Chapter 9. Multilateral Security

Privacy is a transient notion. It started when people stopped believing that God could see everything and stopped when governments realised there was a vacancy to be filled.

— Roger Needham

You have zero privacy anyway. Get over it.

— Scott Mcnealy

Introduction

Often our goal is not to prevent information flowing 'down' a hierarchy but to prevent it flowing 'across' between departments. Relevant applications range from healthcare to national intelligence, and include most applications where the privacy of individual customers', citizens' or patients' data is at stake. They account for a significant proportion of information processing systems but their protection is often poorly designed and implemented. This has led to a number of expensive fiascos.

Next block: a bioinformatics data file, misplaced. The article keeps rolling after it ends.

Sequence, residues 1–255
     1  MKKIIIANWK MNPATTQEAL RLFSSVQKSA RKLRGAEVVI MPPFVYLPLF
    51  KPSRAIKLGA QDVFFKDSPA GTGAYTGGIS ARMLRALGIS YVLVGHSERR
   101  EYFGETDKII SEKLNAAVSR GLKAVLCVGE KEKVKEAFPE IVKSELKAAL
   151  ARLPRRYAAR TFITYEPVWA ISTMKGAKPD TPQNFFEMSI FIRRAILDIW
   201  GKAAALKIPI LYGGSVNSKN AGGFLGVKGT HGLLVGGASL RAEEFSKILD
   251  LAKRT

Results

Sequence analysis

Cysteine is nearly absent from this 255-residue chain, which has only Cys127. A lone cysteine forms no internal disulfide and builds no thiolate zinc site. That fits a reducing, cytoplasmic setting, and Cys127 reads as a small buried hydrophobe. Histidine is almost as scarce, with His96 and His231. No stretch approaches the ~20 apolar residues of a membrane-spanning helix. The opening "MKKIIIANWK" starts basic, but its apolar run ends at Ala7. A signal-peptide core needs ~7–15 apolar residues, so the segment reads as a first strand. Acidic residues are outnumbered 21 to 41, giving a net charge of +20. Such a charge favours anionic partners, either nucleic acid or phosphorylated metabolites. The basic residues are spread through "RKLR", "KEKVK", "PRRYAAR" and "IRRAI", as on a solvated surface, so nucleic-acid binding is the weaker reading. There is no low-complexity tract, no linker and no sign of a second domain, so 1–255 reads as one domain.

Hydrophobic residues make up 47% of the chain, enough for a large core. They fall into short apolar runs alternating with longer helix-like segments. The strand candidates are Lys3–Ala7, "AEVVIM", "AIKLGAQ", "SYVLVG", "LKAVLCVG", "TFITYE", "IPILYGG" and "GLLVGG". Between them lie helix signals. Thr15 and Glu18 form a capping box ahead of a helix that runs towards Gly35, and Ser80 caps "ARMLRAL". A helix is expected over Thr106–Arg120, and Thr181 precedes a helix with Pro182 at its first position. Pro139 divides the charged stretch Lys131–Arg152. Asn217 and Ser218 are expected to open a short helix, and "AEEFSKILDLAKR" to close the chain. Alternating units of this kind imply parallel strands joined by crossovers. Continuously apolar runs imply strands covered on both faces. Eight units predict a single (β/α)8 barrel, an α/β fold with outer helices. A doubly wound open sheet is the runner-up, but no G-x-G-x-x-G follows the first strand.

The basic problem is that if you centralise systems containing sensitive information, you risk creating a more valuable asset and simultaneously giving more people access to it. This is now a pressing problem in the world of 'Web 2.0' as online applications amass petabytes of people's private information. And it's not just Google Documents; a number of organisations plan to warehouse your medical records online. Microsoft has announced HealthVault, which will let your doctors store your medical records online in a data centre and give you some control over access; other IT firms have broadly similar plans. Yet privacy activists point out that however convenient this may be in an emergency, it gives access ...

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